America's 'too big to fail' moment

The US is in no danger of long-term default, but like Lehman it could trigger a dangerous derivatives squeeze. And European banks are more exposed to government bonds than ever before.

Australia will not escape serious flow-on effects if the US defaults on its government debt. Not only will global interest rates rise but a US default will have severe effects on the international derivatives market, where we are a significant player.

And, as I explain below, a prolonged US crisis could be the trigger that sends the European banking system into a downward spiral.

World share and debt markets remain confident there will be a US deal on its debt crisis before Thursday, American time, and they are probably right – the US is 'too big to fail'.

But no one will forget September 2008, when up to 10 days before the Lehman bankruptcy, Lehman bonds were trading about 95 cents in the dollar, which was in line with its peers. Lehman was 'too big to fail', or so the market thought.

The reason the Lehman failure was so catastrophic was its effect on the derivatives market – the $200 trillion unregulated market that connects the world’s banks. In the case of Lehman an immediate consequence was the freezing of the repurchase agreement, or ‘repo’, market.

If any US debt default extended longer than a short period (no one is certain whether a ‘short period’ should be defined as a few hours or a few days), exactly the same thing will happen only on a much bigger scale.

Banks and investment houses use the ‘repo’ market for secured, short-term borrowing. Between $2.5 trillion and $3 trillion worth of US Treasury bonds are used as collateral for ‘repo’ loans. When Lehman banks and investment houses found that the collateral they believed was backing their loans was no longer there, the market froze and the ramifications spread through the global banking system via derivatives. A huge credit squeeze with much higher interest rates followed.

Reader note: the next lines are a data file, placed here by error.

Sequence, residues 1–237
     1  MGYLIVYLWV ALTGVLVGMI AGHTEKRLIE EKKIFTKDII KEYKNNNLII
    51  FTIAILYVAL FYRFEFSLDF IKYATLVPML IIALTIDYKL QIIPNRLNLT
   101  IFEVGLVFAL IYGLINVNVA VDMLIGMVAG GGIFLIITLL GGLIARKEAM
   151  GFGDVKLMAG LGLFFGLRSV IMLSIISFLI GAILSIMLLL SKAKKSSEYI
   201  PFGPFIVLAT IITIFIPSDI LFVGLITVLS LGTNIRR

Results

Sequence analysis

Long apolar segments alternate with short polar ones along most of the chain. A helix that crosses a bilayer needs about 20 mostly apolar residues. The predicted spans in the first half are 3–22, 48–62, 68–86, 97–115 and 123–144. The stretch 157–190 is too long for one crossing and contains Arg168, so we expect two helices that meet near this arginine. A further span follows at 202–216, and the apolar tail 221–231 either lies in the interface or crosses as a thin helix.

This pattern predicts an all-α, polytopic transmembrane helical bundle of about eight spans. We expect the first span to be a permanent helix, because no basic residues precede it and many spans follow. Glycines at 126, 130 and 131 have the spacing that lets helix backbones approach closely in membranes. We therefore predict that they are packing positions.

If global rates rise this time it will be Europe that will quickly become very vulnerable because of the inevitable fall in European bond prices.

The Financial Times reported at the weekend that Europe’s financial institutions are more exposed to their domestic government bonds than at any time since the eurozone crisis started.

Government bonds accounted for more than a tenth of Italian banks’ total assets at the end of August, compared to 6.8 per cent at the beginning of 2012.

In Spain, the proportion has risen from 6.3 per cent  to 9.5 per cent over the same period, and in Portugal it has increased from 4.6 per cent  to 7.6 per cent.

By far the majority of the increases are in holdings of bonds issued by the banks’ own governments – this breaks all the rules of sound banking and is simply a 'too big to fail' strategy.

The world banking scene is very vulnerable to a European crisis and therefore doubly vulnerable to events in the US.

However, we should not forget that the US is not Lehman and, even if there is a crisis, payment will take place in time – which is why for a short period markets will manage. However there is a twist to this part of the tale. One of the reasons why no agreement has been reached in Washington is that the markets have not panicked. There is a real prospect that there will be no agreement until the markets start to crumble and either force both sides to make concessions or one side to retreat.

A week ago I made similar remarks (Showdown at the Senate saloon, October 7). So far I am right but there are no certainties in this game. Although cooler heads are now running the negotiation, I fear that the global markets may have underestimated the determination of Ted Cruz, who is the first Hispanic elected a US senator. Cruz is leading the Republican fight to gain spending cuts from President Obama.

Cruz believes with a passion that history is on his side in this campaign. He points out that since 1978 Congress has raised the debt ceiling 55 times and in 28 of those actions Congress has attached stringent spending requirements.

On the 56th debt ceiling encounter the first Hispanic to become a Senator faces the first black President. Both men are still showing the steely determination that comes from their tough fight to the top.